Lawmakers clarifying tax exemptions for government-owned properties like Lander community center, golf course

State lawmakers are working on legislation that would clarify which government-owned properties are exempt from taxation in Wyoming.

The issue arose in Fremont County earlier this year, when Shoshoni received a property tax bill for its medical clinic and Lander got one for its golf course and its community center.

Those facilities would all be exempt from property taxes under the bill draft that the Joint Revenue Committee considered last month.


‘Tax spiral’

During the committee meeting, Wyoming Rep. Pat Sweeney, R-Casper, pointed out that the Lander Community and Convention Center was “totally built for the good of the public” – not to provide a “profit center” for the city.

Other communities have “heavily subsidized” event centers too, Wyoming County Commissioners Association executive director Jerimiah Rieman said, and if all of those properties are taxed, it could be “even more detrimental” for local governments to maintain the facilities for the public.

Teton County Assessor Melissa Shinkle called it a “tax spiral issue” that also applies to government-owned properties in her jurisdiction, where “taxpayer money is buying the land, and taxpayer money is then paying the taxes.”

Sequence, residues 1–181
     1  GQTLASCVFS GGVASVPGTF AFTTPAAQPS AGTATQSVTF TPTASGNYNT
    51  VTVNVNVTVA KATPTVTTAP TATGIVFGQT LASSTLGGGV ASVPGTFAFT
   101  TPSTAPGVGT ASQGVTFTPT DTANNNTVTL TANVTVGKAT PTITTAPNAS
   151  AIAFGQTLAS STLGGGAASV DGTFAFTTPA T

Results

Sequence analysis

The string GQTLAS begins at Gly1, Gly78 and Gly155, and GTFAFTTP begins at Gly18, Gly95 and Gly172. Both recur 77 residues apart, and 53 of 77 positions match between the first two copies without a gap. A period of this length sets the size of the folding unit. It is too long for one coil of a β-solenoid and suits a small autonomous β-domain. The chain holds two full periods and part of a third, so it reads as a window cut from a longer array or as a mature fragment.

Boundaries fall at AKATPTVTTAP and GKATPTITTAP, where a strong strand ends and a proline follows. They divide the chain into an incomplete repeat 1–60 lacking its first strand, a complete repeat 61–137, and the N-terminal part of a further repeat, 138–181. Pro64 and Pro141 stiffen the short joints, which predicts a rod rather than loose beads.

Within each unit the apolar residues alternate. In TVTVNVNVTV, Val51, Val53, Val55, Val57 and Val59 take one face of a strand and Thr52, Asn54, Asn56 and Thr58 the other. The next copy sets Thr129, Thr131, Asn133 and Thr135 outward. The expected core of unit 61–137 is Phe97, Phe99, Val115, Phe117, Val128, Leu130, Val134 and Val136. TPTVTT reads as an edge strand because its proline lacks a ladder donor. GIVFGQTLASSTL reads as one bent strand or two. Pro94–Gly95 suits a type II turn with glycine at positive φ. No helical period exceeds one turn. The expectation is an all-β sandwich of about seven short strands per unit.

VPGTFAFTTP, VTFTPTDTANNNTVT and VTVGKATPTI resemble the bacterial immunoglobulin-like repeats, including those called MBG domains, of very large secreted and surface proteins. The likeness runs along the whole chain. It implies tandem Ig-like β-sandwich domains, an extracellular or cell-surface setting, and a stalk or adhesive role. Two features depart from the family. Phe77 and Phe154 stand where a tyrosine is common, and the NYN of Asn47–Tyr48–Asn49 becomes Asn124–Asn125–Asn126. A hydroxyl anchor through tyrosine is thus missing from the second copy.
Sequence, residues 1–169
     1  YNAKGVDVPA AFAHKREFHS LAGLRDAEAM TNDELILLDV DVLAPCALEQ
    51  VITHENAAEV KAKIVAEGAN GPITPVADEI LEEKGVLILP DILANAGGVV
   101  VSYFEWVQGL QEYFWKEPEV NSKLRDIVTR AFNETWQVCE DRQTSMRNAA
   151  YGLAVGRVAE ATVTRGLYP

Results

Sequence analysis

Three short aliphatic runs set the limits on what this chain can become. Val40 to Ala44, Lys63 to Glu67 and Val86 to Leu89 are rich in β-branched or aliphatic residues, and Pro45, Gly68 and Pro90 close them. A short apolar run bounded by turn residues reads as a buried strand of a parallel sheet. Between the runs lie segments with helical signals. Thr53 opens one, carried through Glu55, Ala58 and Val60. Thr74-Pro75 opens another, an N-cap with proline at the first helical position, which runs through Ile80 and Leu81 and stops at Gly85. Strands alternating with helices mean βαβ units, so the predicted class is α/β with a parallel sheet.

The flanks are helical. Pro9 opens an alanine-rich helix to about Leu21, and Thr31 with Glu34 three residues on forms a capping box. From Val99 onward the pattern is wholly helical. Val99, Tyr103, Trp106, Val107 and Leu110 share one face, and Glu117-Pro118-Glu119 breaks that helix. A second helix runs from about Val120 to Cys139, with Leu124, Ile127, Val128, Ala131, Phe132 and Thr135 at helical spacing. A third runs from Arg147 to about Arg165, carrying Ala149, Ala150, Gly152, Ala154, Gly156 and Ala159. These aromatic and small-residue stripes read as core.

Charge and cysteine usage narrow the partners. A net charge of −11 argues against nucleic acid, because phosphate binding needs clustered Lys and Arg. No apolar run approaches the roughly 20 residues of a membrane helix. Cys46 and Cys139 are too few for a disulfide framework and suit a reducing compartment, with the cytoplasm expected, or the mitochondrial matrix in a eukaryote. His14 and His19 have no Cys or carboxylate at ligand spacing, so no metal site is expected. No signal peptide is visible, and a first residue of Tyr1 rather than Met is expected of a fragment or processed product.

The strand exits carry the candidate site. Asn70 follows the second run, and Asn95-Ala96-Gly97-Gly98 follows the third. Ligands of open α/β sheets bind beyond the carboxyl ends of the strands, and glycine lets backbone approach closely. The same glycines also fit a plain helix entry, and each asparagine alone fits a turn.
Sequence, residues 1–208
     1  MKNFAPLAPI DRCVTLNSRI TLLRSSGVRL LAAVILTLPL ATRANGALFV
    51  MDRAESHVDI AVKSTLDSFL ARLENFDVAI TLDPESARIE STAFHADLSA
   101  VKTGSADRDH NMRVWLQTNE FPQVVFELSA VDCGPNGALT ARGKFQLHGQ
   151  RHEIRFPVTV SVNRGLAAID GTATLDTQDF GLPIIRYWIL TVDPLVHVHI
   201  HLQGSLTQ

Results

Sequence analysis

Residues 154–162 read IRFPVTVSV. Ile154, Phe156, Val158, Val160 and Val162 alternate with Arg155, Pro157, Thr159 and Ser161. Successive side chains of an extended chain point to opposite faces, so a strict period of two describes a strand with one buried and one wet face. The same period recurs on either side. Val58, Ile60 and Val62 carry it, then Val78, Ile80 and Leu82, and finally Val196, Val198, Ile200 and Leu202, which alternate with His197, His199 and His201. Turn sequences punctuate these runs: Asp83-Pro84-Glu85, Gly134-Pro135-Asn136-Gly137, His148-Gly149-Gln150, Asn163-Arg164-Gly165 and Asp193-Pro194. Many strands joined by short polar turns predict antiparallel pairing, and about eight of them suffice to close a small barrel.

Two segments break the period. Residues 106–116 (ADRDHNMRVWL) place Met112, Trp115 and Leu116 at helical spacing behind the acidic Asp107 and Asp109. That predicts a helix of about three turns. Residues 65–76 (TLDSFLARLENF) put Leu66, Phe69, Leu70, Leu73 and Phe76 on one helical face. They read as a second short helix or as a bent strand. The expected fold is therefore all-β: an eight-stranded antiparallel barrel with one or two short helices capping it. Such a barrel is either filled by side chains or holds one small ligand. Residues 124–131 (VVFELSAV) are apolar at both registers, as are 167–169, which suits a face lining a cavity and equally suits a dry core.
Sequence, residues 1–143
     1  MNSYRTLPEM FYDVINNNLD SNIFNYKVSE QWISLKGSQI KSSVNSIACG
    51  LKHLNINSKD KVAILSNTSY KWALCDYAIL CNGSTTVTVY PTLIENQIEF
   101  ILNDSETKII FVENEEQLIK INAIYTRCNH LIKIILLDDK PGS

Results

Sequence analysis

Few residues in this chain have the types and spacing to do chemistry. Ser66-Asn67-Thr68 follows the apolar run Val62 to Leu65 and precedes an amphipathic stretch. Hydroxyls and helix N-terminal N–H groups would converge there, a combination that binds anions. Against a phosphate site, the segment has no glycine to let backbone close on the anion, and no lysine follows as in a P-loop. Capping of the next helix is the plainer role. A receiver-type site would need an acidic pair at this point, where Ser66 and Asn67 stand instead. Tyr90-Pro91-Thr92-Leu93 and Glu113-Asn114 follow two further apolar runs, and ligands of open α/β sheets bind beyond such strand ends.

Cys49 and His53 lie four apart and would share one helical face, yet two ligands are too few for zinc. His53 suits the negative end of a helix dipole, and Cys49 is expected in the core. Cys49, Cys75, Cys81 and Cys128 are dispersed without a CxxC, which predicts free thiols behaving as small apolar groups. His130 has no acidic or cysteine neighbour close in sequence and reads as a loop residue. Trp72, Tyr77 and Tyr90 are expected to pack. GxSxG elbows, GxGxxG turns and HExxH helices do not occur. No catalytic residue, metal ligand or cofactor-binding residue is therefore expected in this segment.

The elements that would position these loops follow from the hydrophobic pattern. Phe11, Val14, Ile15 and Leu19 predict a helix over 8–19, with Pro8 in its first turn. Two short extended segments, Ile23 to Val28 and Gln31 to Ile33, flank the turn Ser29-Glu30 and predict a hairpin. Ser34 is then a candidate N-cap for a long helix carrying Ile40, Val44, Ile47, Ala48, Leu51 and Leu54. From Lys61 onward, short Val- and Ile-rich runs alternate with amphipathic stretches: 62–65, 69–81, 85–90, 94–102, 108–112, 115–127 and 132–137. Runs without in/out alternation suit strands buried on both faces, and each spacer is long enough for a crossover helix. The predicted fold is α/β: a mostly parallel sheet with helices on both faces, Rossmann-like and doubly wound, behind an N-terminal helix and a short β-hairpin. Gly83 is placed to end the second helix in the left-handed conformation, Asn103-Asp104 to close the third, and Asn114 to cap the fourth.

Wyoming Department of Revenue director Brenda Henson likened it to “taking money from one pocket and putting it in another pocket.”


“If I’m a county … I would be paying that (tax), and then on the other hand, I would be the recipient of those (taxes),” she explained.

‘Government purpose’

Henson added that, initially, all government-owned property in Wyoming was exempt from taxation.

The rules changed in 1957, she said, when “the voters of this state” decided that tax exemptions should only apply to government-owned properties that are “used primarily for a government purpose.”


“But that term, ‘government purpose,’ was never defined,” Henson said. “So here we are in 2022 trying to determine what (it means).

“It is a policy decision of this governing body.”

The committee’s bill draft says “governmental purpose” includes “health, safety and welfare, education, transportation, infrastructure or administrative purposes.”


Hospitals and community event centers fall under the “health, safety and welfare” category, according to the bill, and golf courses are listed as “infrastructure.”

The Revenue Committee didn’t vote on the bill draft last month, opting to delay the discussion until their November meeting so they could learn more about the topic.


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